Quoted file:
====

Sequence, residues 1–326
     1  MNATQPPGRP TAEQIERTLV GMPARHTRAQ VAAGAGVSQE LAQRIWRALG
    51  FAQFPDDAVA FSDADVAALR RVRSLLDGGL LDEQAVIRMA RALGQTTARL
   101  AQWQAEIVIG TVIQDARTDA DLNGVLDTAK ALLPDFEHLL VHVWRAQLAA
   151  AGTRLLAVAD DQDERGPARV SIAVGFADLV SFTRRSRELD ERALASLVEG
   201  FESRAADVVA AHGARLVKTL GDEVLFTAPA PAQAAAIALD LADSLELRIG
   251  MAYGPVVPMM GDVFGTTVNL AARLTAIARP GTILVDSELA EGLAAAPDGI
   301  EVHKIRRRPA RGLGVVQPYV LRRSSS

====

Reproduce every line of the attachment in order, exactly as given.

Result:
Sequence, residues 1–326
     1  MNATQPPGRP TAEQIERTLV GMPARHTRAQ VAAGAGVSQE LAQRIWRALG
    51  FAQFPDDAVA FSDADVAALR RVRSLLDGGL LDEQAVIRMA RALGQTTARL
   101  AQWQAEIVIG TVIQDARTDA DLNGVLDTAK ALLPDFEHLL VHVWRAQLAA
   151  AGTRLLAVAD DQDERGPARV SIAVGFADLV SFTRRSRELD ERALASLVEG
   201  FESRAADVVA AHGARLVKTL GDEVLFTAPA PAQAAAIALD LADSLELRIG
   251  MAYGPVVPMM GDVFGTTVNL AARLTAIARP GTILVDSELA EGLAAAPDGI
   301  EVHKIRRRPA RGLGVVQPYV LRRSSS